When speaking of Palestinian refugees, it should be recalled that Israeli attacks on other countries in the region have destroyed some of the few places where Palestinians were allowed to live in relative peace; notably Beirut which prior to Israeli’s 1982 invasion and the massacre in the Sabra and Shatila refugee camps, had been “the birthplace for thousands of Palestinians who knew no other cradle … an island upon which Arab immigrants dreaming of a new world landed”.
For all Palestinians, occupation is a constant and ongoing process:
[It] prevents you from managing your affairs in your own way. It interferes in every aspect of life and death; it interferes with longing and anger and desire and walking in the street. It interferes with going anywhere and coming back, with going to market, the emergency hospital, the beach, the bedroom, or a distant capital.
None of these Palestinian groups have the same citizenship rights in Israel as the country’s seven million Jewish citizens – nor indeed the same citizenship rights as Jews living in Britain, France, or the United States. Rather, a panoply of directly and indirectly discriminatory laws make them second class citizens or permanent exiles.
 ‘Wages of Jewish workers in Israel 35 percent higher than Arab counterparts,’ Middle East Monitor, 11 December 2019.
 Inter-Agency Task Force on Israeli Arab Issues, ‘Israel’s Annual Poverty Report: Decline in Arab Poverty Meets Increase in Depth and Severity’, 5 February 2019.
 N. Ahituv, ‘Could Netanyahu Actually Be Good for Israel’s Arabs?’ Haaretz, 31 October 2019.
 Y. Jabareen, ‘Silencing Arab members of the Knesset would be a new low for Israeli democracy,’ Guardian, 1 April 2016.
 ‘Israel Discriminatory measures undermine Palestinian representation in Knesset,’ Amnesty International, 4 September 2019.
 J. Magid, ‘2019 saw spike in Palestinian home demolitions by Israel, rights group finds,’ Times of Israel, 6 November 2020; for justification of previous waves of house demolition, E. Habiby, The Secret Life of Saeed the Pessoptimist (London: Arabia, 2010), p. 125.
 ‘The Working Conditions of Palestinian Wage Earners in Israel’, Center for Political Economics, February 2017.
 ‘Labour Force Survey Preliminary Results First quarter January – March 2020’, 31 May 2020.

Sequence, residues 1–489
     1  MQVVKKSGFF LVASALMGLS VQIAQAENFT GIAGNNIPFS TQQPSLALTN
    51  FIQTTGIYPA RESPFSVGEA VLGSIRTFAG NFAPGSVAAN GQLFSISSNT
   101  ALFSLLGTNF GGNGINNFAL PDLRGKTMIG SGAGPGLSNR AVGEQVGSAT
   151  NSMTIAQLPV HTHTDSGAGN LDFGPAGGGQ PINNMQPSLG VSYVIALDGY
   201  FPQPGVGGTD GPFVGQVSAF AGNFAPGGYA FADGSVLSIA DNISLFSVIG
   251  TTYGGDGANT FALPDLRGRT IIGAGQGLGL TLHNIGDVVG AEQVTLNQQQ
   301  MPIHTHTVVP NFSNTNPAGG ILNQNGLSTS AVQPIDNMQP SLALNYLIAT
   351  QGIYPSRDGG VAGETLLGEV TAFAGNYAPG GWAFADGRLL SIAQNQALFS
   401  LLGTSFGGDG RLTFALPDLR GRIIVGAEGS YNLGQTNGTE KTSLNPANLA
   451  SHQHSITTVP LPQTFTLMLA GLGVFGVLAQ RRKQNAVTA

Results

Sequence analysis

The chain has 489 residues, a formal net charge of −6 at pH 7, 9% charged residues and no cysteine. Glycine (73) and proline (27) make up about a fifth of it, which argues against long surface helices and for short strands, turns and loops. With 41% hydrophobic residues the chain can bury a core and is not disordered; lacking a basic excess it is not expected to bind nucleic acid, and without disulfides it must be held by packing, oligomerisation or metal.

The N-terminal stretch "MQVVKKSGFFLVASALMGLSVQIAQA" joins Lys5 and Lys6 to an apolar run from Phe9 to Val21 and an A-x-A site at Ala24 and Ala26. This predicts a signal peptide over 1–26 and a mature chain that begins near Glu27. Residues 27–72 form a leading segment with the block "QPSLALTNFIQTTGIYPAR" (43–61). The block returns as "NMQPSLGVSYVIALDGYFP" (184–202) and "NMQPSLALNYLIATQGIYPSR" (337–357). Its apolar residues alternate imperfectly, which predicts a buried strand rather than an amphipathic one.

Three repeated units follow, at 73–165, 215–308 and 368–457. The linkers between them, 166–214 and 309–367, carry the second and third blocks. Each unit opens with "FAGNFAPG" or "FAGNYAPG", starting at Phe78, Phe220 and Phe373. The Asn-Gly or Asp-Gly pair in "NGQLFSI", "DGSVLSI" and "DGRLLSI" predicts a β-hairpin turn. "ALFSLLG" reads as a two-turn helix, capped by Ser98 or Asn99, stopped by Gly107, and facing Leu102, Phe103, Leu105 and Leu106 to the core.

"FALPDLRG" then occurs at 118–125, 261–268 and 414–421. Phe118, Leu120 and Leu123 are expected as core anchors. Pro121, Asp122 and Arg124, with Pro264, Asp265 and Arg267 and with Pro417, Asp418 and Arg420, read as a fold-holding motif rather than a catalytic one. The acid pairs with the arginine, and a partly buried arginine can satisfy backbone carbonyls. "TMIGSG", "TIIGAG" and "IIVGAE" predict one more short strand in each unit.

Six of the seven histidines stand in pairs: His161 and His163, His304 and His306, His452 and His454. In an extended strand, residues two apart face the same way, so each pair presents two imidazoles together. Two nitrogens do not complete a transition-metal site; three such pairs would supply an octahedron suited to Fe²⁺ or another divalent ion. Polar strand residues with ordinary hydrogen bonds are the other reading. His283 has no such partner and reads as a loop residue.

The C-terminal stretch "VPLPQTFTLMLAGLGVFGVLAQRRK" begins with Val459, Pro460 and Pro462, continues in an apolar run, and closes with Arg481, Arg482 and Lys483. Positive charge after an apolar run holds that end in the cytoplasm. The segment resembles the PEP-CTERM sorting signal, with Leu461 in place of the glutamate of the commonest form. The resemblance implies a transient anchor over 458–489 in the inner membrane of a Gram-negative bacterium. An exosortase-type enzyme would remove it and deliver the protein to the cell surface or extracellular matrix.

Kav LaOved, Worker’s Hotline, undated but accessed 20 August 2020.
 Around 4 percent of adult Palestinians, compared to 16 percent in Britain. ‘Literacy Rate of Persons (15 Years and Over) in Palestine by Age Groups and Sex, 1995, 1997, 2000-2013’, Palestinian Central Bureau of Statistics, 2014; ‘Adult literacy’, National Literacy Trust, accessed 26 October 2020.
 In 2014, thirty percent of Gaza schools needed rebuilding as a result of that year’s Israeli military attacks. ‘Education,’ United Nations Development Programme (2015).
 W. Mahmoud, ‘Gaza declares COVID-19 disaster with health system near collapse,’ Al-Jazeera, 23 November 2020.
 G. von Medeazza, ‘Searching for clean water in Gaza,’ Unicef, 10 January 2019.
 ‘The Separation Barrier,’ B’tselem, 11 November 2017.
 “The helicopter hovering above the refugee camp / As though it were dusting a field,” A. Shabtai, ‘Mice of the World Unite,’ in T. Nitzan and R. T. Back, With an Iron Pen: Twenty Years of Hebrew Protest Poetry (New York: Excelsior Editions, 2009), p. 19.
 ‘Data on Casualties’, United Nations Office for the Coordination of Humanitarian Affairs, accessed 20 August 2020.
 P. Beaumont, ‘Dehumanising: Israeli groups’ verdict on military invasions of Palestinian homes,’ Guardian, 29 November 2020.
 A. Abunimah, The Battle for Justice in Palestine (Chicago: Haymarket, 2014), p. 25; U. Forat, ‘For an Israeli Married to a Palestinian, Family Unification Is Forbidden,’ Haaretz, 1 June 2020.
 Sahar Khalifeh writes of “Life in the refugee camp, in a tiny room the size of a chicken coop, amid the clamour of people and their secrets”. S. Khalifeh, The End of Spring (Northampton, Massachusetts: 2008), p. 9.
 David Gilmour writes that the exact number of refugees was never established. The UN Economic Survey Mission put the total at 726,000; the Refugee Office of the UN Palestine Coalition Commissions placed it at 900,000, and the true figure is probably somewhere in between. D. Gilmour, Dispossessed: The Ordeal of the Palestinians (London: Sphere Books, 1982), p. 74. The Jewish population of Palestine was at that time just 630,000 people. S. Sand, The Invention of the Jewish People (London: Verso, 2009), p. 281.
 ‘Palestine Refugees,’ United Nations Relief and Works Agency for Palestinian Refugees int the Near East. Accessed 1 August 2020.
 M. Barghouti, I Saw Ramallah (London: Bloomsbury, 2004), p. 38.
 M. Darwish, Memory for Forgetfulness: August, Beirut, 1982 (Berkeley: University of California Press, 2013), p. xii.
 Barghouti, I Saw Ramallah, p. 48.
 ‘Monthly Bulletin of Statistics,’ October 2019.
 Adalah, the Legal Centre for Arab Minority Rights in Israel, has published a list of more than 60 Israeli laws which at discriminate directly or indirectly against Palestinian citizens in Israel or Palestinian residents of the occupied territories. ‘Discriminatory Laws in Israel’, Adalah, accessed 26 August 2020.